Computers can now know what were doing

Scientists have developed a program called NeuralTalk, capable of analyzing images and describing them with sentences. The program and the accompanying study is the work of the Stanford Artificial Intelligence Laboratory. The software is capable of looking at pictures of complex scenes and identifying what’s happening.
A picture of a man in a black shirt playing guitar, for example, is picked out as "man in black shirt is playing guitar," while pictures of a black-and-white dog jumping over a bar, a man in a blue wetsuit surfing a wave, and little girl eating cake are also correctly described with a single sentence. In several cases, it’s unnervingly accurate.
Like Google’s Deep Dream, the software uses a neural network to work out what’s going on in each picture, comparing parts of the image to those it’s already seen and describing them as humans would. Neural networks are designed to be like human brains, and they work a little like children.
Once they’ve been taught the basics of our world, that’s what a window usually looks like, that’s what a table usually looks like, that’s what a cat who’s trying to eat a cheeseburger looks like, then they can apply that understanding to other pictures and video.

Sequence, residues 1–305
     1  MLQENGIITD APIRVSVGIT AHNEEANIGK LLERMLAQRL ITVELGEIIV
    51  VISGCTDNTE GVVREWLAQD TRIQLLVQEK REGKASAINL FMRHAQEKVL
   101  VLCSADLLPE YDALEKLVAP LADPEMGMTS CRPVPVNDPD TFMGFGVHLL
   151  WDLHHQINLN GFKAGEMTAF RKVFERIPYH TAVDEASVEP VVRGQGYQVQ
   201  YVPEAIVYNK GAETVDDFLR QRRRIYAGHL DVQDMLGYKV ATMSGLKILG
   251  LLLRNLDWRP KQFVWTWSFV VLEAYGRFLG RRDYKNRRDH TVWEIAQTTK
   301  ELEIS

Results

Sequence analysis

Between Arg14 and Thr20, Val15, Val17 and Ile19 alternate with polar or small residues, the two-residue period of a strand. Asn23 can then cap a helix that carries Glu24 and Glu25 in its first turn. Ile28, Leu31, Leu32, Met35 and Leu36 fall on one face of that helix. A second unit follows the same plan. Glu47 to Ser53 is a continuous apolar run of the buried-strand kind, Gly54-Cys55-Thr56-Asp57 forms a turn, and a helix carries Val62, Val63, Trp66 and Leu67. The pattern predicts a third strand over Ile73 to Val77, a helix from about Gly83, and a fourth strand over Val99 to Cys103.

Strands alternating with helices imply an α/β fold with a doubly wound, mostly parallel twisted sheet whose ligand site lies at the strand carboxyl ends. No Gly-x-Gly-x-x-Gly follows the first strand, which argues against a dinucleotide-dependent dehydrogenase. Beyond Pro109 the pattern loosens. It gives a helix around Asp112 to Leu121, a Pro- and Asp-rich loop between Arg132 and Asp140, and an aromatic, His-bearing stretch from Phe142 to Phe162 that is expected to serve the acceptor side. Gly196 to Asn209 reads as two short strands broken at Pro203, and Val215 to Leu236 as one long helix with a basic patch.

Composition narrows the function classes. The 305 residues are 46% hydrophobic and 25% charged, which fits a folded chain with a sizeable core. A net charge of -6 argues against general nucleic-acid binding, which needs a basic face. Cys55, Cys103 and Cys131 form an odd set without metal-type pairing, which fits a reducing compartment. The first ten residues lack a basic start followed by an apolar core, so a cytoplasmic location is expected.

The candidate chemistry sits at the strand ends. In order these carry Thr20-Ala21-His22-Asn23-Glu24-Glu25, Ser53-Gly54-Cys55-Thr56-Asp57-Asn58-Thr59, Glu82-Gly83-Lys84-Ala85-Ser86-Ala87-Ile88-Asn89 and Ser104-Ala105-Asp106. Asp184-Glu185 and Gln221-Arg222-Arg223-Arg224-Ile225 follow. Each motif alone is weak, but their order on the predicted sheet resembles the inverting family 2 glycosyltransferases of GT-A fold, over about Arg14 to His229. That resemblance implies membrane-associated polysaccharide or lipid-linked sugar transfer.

It’s still not perfect. A fully-grown woman gingerly holding a huge donut is tagged as "a little girl holding a blow dryer next to her head," while an inquisitive giraffe is mislabeled as a dog looking out of a window. A cheerful couple in a garden with a birthday cake appears under the heading "a man in a green shirt is standing next to an elephant," with a bush starring as the elephant and, weirdly, the cake standing in for the man.
But in most cases, these descriptions are secondary guesses, alongside the elephant suggestion, the program also correctly identifies the cake couple as "a woman standing outside holding a coconut cake with a man looking on."
The incredible amount of visual information on the internet has, until recently, had to be manually labeled in order for it to be searchable. When Google first built Google Maps, it relied on a team of employees to dig through and check every single entry, humans given the task of looking at every number captured in the world to make sure it denoted a real address.
When they were done, and sick of the tiresome job, they built Google Brain. Where it had previously taken a team weeks of work to complete the task, Google Brain could transcribe all of the Street View data from France in under an hour.
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